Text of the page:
Construction Law/EoT


Dear peter,

We have two tower to be build in Dubai and passage in between.. one of them already started by previous contractor and the parking area completed as a structure 80% and the other tower we got the site possession late like partially we got 30% of the tower plot with 6 month delay which is below the tower(foot print) and the balanced 40% we got after that by one month and last 30 % allocated for parking we will get with 9.5 month delay...also the passage site possession delayed for 8 month but due to lake of access for other areas it has been used as an access for concrete (so the passage delay is 8 month + disruption 1.5 month easily can be proofed by documents and KPI)the contractor submitted claim for late site possession of the tower and the passage in one claim...the Employer is saying that you have to count for the tower from first delivery so you are eligible for 6 month and we are saying that we are eligible for 9.5 month since it is one entity and also the passage delay is 9.5 month.

Dear Feras,

As with all delay and disruption claims, I recommend that people download and study the SCL Delay and Disruption Protocol which is the best guide to EoT claims that I have found so far.  There are a couple of guides which are produced by American authorities, but, to my mind, they are more complicated.  I suggest that you submit your claim in line with this document.  It is a bit dated and improvements have been suggested, but it is a good start, even if it is not a contractual document.  You have to prove that any Employer generated delays lay on the critical path and created a delay to the completion date.  Of course, if you have no critical path programme, then you have real problems until you have produced one.  SCL have published a couple of papers on the effect of disruption as opposed to pure delay.  It is worth joining SCL, as an electronic member (30 p.a.) if only for their library of published papers.  

With regard to your particular problem, I cannot advise you without more details of the actual case.  

Construction Law

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Peter M. Elliott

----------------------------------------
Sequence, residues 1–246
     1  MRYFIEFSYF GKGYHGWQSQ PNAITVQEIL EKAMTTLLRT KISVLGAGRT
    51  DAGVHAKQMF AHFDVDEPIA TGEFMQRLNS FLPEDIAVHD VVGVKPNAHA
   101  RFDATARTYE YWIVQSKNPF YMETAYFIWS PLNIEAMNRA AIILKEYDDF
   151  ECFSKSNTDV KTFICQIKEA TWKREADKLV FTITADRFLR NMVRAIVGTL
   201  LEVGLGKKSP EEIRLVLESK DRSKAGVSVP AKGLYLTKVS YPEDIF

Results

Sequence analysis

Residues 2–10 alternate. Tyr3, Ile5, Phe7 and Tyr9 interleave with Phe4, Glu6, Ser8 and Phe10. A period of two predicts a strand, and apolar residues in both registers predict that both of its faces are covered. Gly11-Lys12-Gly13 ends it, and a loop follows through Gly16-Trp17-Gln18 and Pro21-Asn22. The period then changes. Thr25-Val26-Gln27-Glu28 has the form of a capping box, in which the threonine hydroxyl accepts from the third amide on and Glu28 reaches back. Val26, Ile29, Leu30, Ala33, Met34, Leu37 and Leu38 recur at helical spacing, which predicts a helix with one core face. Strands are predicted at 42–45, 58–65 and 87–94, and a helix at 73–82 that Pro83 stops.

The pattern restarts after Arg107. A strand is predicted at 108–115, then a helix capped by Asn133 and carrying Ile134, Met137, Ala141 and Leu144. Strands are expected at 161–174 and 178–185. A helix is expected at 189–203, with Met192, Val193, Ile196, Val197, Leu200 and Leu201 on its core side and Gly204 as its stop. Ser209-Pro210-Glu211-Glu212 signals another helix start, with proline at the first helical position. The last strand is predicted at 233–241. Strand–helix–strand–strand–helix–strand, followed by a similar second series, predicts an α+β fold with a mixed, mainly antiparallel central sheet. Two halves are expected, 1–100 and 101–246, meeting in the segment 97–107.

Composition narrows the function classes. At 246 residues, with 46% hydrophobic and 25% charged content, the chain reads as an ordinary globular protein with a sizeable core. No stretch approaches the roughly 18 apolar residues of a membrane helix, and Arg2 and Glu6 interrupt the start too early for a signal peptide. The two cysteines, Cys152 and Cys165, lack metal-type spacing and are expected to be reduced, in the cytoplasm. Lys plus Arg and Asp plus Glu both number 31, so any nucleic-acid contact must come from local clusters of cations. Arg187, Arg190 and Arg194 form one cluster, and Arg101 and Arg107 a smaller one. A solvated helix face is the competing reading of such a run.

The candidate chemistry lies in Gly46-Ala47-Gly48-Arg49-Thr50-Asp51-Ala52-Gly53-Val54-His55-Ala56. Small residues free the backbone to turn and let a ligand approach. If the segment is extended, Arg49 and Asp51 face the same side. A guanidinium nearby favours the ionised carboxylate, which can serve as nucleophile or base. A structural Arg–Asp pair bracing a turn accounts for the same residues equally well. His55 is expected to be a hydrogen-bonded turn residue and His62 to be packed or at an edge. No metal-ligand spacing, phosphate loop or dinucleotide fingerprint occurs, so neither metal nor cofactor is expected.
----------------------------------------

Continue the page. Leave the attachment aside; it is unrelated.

First response to queries regarding extensions of time, variations orders, site instructions and payment using FIDIC and other forms of Conditions of Contract, based on English Law, and derivatives only. Anyone who needs advice about EoT should download and study the SCL Delay & Disruption Protocol before submitting a question.


Value . . .
It's unwise to pay too much, but it's unwise to pay too little. When you pay too much you lose a little money, that is all. When you pay too little, you sometimes lose everything, because the thing you bought was incapable of doing the thing you bought it to do.
The common law of business balance prohibits paying a little and getting a lot. It can't be done. If you deal with the lowest bidder, it's well to add something for the risk you run.
And if you do that, you will have enough to pay for something better.
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I said it in Hebrew, I said it in Dutch,
I said it in German and Greek:
But I wholly forgot (and it vexes me much)
That English is what you speak!" Hunting of the Snark - Lewis Caroll
Match your presentation to the reader!
The joy of food lasts but an hour, of sleep but a day, of a woman, but a month, but the joy of a building lasts a lifetime. Syrian proverb.
Comments and observations leading to improvements in the translation of FIDIC Red & Yellow books into Romanian prior to approval by FIDIC (reference 'Preface to the Romanian edition')

Institution of Civil Engineers, Association of Chartered and Certified Accountants, Society of Construction Law, Dispute Resolution Board Foundation

B Sc(Hons) in Civil Engineering

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